From the Washington Post: “A senior administration official, who spoke on the condition of anonymity, said in an interview that Bush essentially got what he asked for in a different formulation that allows both sides to maintain their concerns were addressed. ‘We kind of take the scenic route, but we get there,’ the official said.”Evidence from torture still is allowed, because defense attorneys won’t be able to ask if the testimony was coerced. And the amendment doesn’t ban hearsay evidence, and it does ban habeas corpus: a prisoner may be convicted based on evidence he’s not allowed to see. The Senate bill also bans U.S. court from hearing Guantanamo cases or any cases where someone, including a U.S. citizen, is deemed an “enemy combatant.” Read it and weep at the Center For Constitutional Rights website.
We’re lurching, not inching, towards repression. But it won’t affect you if you do what the good Germans did: keep your mouth shut.

Daily Variety: Dave Alvin/I See Hawks in L.A. At Safari Sam’s


June 27th, 2006
By Steven Mirkin

. . . I See Hawks in L.A. was a perfect choice to open the show. As the title of their new album, “California Country” (Western Seeds), clues you in, the Hawks draw inspiration from Buck, the Byrds and the Burrito Bros., among others, but with a modern, at times ironic (“Raised by Hippies” and the pot smuggler’s sing-along “Humboldt”) sensibility. On Saturday, their impressive three-part harmonies were often overshadowed by the interplay between guitarist Paul Lacques and guest Rick Shea on pedal steel.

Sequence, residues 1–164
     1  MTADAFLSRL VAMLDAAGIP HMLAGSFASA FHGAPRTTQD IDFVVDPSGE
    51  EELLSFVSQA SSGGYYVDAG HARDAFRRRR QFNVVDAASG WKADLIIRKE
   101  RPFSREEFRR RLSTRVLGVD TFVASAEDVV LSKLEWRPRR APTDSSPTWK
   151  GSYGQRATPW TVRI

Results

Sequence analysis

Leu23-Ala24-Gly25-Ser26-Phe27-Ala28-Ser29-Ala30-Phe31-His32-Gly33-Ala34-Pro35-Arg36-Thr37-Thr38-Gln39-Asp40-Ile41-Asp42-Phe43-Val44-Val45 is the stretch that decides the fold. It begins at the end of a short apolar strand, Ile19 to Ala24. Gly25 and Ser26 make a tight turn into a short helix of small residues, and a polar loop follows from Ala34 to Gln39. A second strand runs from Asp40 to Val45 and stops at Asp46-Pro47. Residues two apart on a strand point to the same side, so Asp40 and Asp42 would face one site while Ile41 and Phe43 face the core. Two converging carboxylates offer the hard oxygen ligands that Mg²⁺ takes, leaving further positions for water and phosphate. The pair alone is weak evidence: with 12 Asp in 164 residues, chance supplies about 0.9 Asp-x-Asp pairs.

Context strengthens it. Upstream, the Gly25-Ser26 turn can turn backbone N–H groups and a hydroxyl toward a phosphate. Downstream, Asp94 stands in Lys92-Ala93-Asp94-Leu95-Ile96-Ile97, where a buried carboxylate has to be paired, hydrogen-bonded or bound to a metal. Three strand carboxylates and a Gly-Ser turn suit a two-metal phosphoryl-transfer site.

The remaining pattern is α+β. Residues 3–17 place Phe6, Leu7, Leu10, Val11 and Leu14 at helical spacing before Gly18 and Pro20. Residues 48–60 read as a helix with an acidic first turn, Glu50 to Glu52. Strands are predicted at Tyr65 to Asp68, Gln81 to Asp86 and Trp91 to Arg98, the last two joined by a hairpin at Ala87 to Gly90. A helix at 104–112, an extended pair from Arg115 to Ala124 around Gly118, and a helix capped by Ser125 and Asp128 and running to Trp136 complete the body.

Sometimes pride in America flickers in this disappointed soul, like a spike in a flatlined ECG after the patient has been pronounced dead. Four battered senators take a stand for what were once unassailable principles of American democracy, now under relentless assault. If only we the people were flesh and blood, like these lonely old men.



Los Angeles is a desert, both geographically and culturally, but those of us who pay rent here occasionally find an oasis in the Capital of Crap. I See Hawks In L.A. blew on the scene like a hot Santa Ana with their debut album in 2001. They blend country and psychedelia with soaring three-part harmonies that leave the poseurs of alt-schmaltz dust choked. Lead singer Rob Waller and lead guitarist Paul Lacques co-write most of the songs, smart and wry tone poems about mayhem and mortality and sing-a-long anthems that hoist the freak flag high.

The quartet’s third album California Country is rife with rage over the triumph of vultures. In songs like “Hard Times (Are Here Again),” and “Byrd From West Virginia” (an ode to Senator Robert Byrd), they celebrate the power of free-thinking – an authentic American value currently underutilized. “Slash From Guns N’ Roses” is the true farce about an imposter who passed himself off as the title character – a not-uncommon phenom in this celebrity-infested rathole. “Barrier Reef” is the group’s latest grand cannabis epic: “The power of the leaf/Is the barrier reef/To my sanity.”

These guys are the house band for a revolution that isn’t over yet. Some of us are growing marijuana, some of us are psychedelic country rockers, and – as the Hawks suggest in “Raised By Hippies” – some of us are being born. On that rare smog-less day, you can see us flying over the L.A. basin, proud and free.

— Michael Simmons, High Times


crooked rain.jpg

This was a band most were unfamiliar with, but by the end of the set no one was going to forget them. Belting out some of the finest countrified rock you’ll ever hear they have set the bar high for future gigs. ‘Raised by Hippies’ and especially especially especially (it really was that good) ‘Golden Girl’ were some of the best tunes all weekend.